The blue-and-green town of Knysna is a charming place to stop, too. Set beside a glassy lagoon, it has a forest inhabited by baboons, an annual oyster festival and a cute town centre stuffed with museums and galleries. By far the best way to absorb the essence of the place is to order a bowl of seafood curry at the East Head CafÃ©, a simple shack that sits almost in the water, at the point where the calm lagoon waters get into a brawl with the sea.
Thereâ€™s no need for sat nav in these parts, just wind down the window and follow the scent of steaming bowls of mussels and spicy crayfish. After the Garden Route comes Hermanus, where youâ€™re likely to find whales messing about just offshore, and a string of fishing towns leading all the way to Cape Town. At some point though – I suggest around Kalk Bay – itâ€™s a good idea to wrench yourself away from the coast and swing inland for a drink.
Less than an hour outside Cape Town, the Winelands are a magical, velvety region where soil is put to the serious business of growing some of the worldâ€™s best grapes. Paarl, Franschhoek and, prettiest of all, Stellenbosch are the three main towns to aim for, with cellar doors cluttering the roads in between. Wherever you start, end up at Haute CabriÃ¨reâ€™s winery in Franschhoek. They grow other stuff as well as grapes here and dinner is a series of little treasures crafted out of whateverâ€™s been dug up on the farm.
Cape Town is probably the best looking city on the planet, hemmed in by the red flanks of Table Mountain, dazzlingly white beaches and the icy blue of the Atlantic. Itâ€™s also one of the tastiest. I crammed in as much as I could during my final few days in the city, tucking into bobotie, a fruity, spicy mince dish in Bo Kaap, the old Malay Quarter, and sinking umpteen painstakingly brewed coffees on Bree Street, the cityâ€™s most Instagrammable road.
On my last day, a Saturday, I stocked up on fancy biltong to take home (it didnâ€™t make it past the flight) at the weekly Neighbourgoods Market in newly gentrified Woodstock. The market is inside the Old Biscuit Mill, which is also home to interesting shops and restaurants – the best of which, The Pot Luck Club, sits on top of what used to be the silo. The view stretches to Table Mountain and the dishes on the tapas-style menu were exciting without being overwrought. They also featured a couple of my favourite treats of the past few days: a delicious Ken Forrester chenin blanc that Iâ€™d sampled in Stellenbosch and some Kalk Bay octopus â€“ here it was jazzed up with pickled cucumber and soybean mayonnaise. As I casually chatted about the provenance of these with the waitress, I had only one regret. That Janine was back in Durban and couldnâ€™t hear me. She would have been so proud.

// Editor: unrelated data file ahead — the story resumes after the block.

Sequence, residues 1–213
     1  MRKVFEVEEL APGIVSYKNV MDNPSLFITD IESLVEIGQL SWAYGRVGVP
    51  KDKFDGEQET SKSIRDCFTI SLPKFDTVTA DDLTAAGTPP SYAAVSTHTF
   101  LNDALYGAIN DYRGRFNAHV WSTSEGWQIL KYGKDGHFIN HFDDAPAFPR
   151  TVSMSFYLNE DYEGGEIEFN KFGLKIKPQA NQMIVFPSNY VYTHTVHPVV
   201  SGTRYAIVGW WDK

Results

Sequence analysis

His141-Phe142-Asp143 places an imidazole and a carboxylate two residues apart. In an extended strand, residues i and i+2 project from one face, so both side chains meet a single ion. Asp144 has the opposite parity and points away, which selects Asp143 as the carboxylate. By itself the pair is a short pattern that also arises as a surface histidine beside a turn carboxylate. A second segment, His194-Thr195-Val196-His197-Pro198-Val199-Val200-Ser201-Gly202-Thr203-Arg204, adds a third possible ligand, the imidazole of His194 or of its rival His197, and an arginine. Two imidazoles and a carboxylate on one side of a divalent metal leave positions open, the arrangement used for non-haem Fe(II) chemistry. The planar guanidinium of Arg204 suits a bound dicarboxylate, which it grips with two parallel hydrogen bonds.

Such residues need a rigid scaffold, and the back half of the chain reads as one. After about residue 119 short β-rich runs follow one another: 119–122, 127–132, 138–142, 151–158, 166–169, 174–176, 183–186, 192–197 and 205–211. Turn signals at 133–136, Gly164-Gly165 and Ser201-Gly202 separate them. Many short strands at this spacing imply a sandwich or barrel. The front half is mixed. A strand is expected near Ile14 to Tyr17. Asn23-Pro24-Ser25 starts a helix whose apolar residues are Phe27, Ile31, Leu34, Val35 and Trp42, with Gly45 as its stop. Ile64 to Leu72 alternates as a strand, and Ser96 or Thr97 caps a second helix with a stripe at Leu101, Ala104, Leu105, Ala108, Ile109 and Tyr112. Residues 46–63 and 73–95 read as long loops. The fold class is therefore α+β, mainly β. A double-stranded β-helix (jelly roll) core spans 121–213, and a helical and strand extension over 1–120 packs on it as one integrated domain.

Where to eat
Big Easy Wine Bar and Grill by Ernie Els is in the Durban Hilton and, conveniently, a short stroll from the beach.
The Bangladesh Market pops up just south of the city centre on Fridays and Saturdays.
Harkerville Market takes place on Saturdays, just outside Plettenberg Bay on the road to Knysna.
Wild Oats Community Market is further to the east, in the lovely little town of Sedgefield on Saturday mornings.
East Head CafÃ© in Knysna is the dream spot for seafood with a sea view.
Cape Town and The Winelands
Tour the winery at Haute CabriÃ¨re in Franschhoek then settle down to vineyard views and six sensational, farm-fresh courses.
In trendy Woodstock, Neighbourgoods Market takes place on Saturdays and is more about delicious food stalls than raw ingredients.
In the same building as Neighbourgoods, you need to book in advance to get a table at The Pot Luck Club.
Barbeque in Johannesburg
The highlight of a South Africanâ€™s diary is the weekly braai, essentially a high-end barbecue. The township equivalent of a braai is a Sunday shiza nyama, aka a communal knees-up at the local grill. The best one is Panyaza in Soweto. Meat is local and adorned only with chilli, salt and fire. Thereâ€™s no cutlery, just a side of satisfying pap (ground maize) and really loud R&B. There are plenty of things to do in Joâ€™burg; stop in to see Nelson Mandelaâ€™s modest house, itâ€™s just around the corner from Panyaza, and in town donâ€™t miss the brilliant Apartheid Museum and the galleries on Jan Smuts Avenue, which showcase fantastic local art.